Wonderfully eclectic mix at Laxey’s latest art show
THE latest exhibition at the Hodgson Loom Gallery, above Laxey Woollen Mills, includes the fairytale illustrations, spiritual abstracts and animal portraits of three island artists.
Tom Egan, Rebecca Odessa and Meriel Lloyd have united for the show which continues until next Saturday (September 29).
An illustrator and artist, Tom has worked alongside publishers, Manx National Heritage and galleries, both on and off-island, producing commissions ranging from portraiture, caricatures and book covers to concept art and story boarding.
Tom is currently studying an MA in 3D computer animation at the University of Bournemouth, with the plan of furthering his career in to the film, media and video gaming industries.
For this exhibition he has concentrated on a subject dear to him, that of classic fairytales.
Tom’s skill in character development is clearly evident in his imaginative depiction of the familiar heroes of our childhood fantasies. He brings them to life in his collection of 10 illustrations on display at the gallery.
There are also a number of original pencil drawings at incredibly affordable prices. For more on Tom visit www.eganart.carbonmade.com or www.thomasillustration.blogspot.com
Meanwhile Rebecca Odessa is a self-taught artist from New Zealand. Her work is difficult to define as it is quite unique, but is invariably intricate, painstakingly executed and imbued with multi-layers of meaning.
Most of her work on display in Laxey comes from her Procession series, which Rebecca defines in the form of ‘moving on in an orderly, formal manner’.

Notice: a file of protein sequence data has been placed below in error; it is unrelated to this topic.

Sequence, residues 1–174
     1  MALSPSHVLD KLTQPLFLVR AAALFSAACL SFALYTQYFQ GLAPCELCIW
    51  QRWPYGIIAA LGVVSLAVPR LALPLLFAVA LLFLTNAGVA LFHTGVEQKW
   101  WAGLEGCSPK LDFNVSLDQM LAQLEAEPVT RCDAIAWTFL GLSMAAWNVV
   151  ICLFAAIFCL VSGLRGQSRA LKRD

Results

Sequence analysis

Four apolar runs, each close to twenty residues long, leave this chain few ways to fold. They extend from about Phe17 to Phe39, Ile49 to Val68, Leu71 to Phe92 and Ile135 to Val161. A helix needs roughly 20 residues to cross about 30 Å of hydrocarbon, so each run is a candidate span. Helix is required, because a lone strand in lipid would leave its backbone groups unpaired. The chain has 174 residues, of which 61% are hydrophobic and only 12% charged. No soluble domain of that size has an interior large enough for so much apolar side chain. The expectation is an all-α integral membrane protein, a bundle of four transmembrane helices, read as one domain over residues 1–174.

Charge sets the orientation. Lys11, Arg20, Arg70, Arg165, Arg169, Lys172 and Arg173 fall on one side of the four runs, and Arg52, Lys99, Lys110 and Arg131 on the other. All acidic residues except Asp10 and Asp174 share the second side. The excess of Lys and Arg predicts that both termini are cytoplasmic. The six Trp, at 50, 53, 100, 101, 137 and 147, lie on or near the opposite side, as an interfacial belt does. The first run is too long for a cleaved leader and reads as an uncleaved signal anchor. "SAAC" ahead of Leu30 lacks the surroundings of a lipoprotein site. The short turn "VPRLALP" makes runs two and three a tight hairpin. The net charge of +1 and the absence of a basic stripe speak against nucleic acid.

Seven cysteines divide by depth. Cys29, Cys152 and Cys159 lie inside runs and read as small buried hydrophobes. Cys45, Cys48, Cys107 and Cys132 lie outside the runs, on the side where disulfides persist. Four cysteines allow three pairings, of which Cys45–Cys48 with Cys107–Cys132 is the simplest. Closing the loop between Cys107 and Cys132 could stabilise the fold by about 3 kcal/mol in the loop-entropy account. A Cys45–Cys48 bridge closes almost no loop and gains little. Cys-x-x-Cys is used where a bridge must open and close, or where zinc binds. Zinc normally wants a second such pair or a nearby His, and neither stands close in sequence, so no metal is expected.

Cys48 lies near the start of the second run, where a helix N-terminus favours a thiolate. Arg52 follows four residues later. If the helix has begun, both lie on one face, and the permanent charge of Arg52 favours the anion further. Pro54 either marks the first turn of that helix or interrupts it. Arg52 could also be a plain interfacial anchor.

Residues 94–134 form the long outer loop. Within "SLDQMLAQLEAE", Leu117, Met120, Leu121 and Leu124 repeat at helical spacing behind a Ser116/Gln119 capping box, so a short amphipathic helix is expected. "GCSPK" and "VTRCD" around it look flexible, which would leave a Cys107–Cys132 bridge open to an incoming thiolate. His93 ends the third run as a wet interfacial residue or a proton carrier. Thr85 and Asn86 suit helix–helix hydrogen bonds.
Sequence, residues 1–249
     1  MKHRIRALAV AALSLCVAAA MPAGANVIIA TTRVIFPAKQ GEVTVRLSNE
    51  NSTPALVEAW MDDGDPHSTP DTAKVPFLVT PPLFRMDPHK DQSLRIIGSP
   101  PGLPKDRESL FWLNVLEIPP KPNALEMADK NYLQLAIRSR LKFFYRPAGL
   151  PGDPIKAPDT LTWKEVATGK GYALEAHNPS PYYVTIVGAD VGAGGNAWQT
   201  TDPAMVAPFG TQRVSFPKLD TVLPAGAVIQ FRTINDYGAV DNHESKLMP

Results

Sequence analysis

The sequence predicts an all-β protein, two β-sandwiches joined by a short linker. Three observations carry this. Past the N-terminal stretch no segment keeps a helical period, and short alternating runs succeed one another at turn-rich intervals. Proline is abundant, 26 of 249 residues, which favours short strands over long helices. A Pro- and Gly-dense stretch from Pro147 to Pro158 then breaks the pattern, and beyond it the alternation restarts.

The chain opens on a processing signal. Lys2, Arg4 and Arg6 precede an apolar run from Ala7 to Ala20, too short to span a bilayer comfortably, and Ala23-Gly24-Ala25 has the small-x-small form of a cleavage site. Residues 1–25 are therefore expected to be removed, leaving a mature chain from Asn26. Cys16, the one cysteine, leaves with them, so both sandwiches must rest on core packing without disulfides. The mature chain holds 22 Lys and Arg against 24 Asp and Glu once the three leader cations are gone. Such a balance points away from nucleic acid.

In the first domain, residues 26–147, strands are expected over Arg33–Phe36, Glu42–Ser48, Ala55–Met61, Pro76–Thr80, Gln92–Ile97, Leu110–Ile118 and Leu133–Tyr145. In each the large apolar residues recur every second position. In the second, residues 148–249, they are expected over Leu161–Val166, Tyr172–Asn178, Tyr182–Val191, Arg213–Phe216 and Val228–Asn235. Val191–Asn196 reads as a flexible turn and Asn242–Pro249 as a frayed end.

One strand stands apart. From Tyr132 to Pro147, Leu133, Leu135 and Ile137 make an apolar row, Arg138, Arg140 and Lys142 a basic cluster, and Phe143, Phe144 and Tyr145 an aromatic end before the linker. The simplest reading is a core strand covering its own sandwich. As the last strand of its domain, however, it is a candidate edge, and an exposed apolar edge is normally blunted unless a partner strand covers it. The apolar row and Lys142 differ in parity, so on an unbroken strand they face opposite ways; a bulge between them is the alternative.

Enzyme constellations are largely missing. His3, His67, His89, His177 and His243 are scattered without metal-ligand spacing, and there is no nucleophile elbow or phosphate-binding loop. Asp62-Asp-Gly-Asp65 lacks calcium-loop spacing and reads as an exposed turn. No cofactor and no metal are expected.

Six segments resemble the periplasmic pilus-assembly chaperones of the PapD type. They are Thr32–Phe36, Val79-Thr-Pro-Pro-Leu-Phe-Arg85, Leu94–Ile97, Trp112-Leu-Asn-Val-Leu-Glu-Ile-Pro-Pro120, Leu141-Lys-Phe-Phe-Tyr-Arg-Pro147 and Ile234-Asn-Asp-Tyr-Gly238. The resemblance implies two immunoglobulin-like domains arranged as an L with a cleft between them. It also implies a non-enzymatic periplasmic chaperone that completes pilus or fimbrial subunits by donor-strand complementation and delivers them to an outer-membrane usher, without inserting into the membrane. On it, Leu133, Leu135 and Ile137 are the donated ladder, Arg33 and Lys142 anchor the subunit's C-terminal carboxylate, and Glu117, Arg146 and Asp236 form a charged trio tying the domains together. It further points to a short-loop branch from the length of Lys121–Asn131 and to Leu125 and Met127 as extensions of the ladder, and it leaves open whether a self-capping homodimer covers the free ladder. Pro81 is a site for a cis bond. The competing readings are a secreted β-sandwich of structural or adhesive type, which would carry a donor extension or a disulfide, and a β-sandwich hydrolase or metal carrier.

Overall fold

She explained: ‘Since time immemorial, human beings, from all cultures, have moved in procession as way to celebrate and commemorate important public events, traditionally religious in nature.
‘It is this idea of procession that is represented pictorially in these paintings. However, they also have deeper layers of meaning. In theology, procession means the emanation of the Holy Spirit.
‘The figures in the paintings are not intended to represent the Holy Spirit, rather they are little spirit emanations of the generic kind.
She added: ‘Procession also means the beginning of that which continues, as such these paintings have a talismanic quality relating to new beginnings.
‘Further, the emanations in a particular procession line, while appearing similar are actually unique.
‘This is to signify the nature of growth: when growth is slow and change appears imperceptible, it is easy to become disheartened and feel stuck, at such times it is important to remember the basic law of physics – everything changes.’
Based in Peel, Meriel Lloyd is a fine artist who specialises in animal portraiture.
In her acrylic and watercolour portraits she manages to capture the character of her studies so well that her love of animals is obvious.
Indeed, Meriel trained as a veterinary nurse before illness forced a career change. One of her most memorable commissions was of two pigs belonging to the comedian Vic Reeves.
She was also commissioned to illustrate a book about the Swedish Valhund (a small breed of cattle hound). Her work continues to receive excellent reviews in the dog press and show world. For more information about Meriel’s work visit www.merielspetportraits.co.uk
The gallery is open between 9am and 5pm, Monday – Saturday. Admission is free.
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Weather for Isle of Man
Wednesday 22 May 2013
Temperature: 6 C to 12 C
Wind Speed: 24 mph
Wind direction: North west
Temperature: 6 C to 11 C
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Wind direction: North west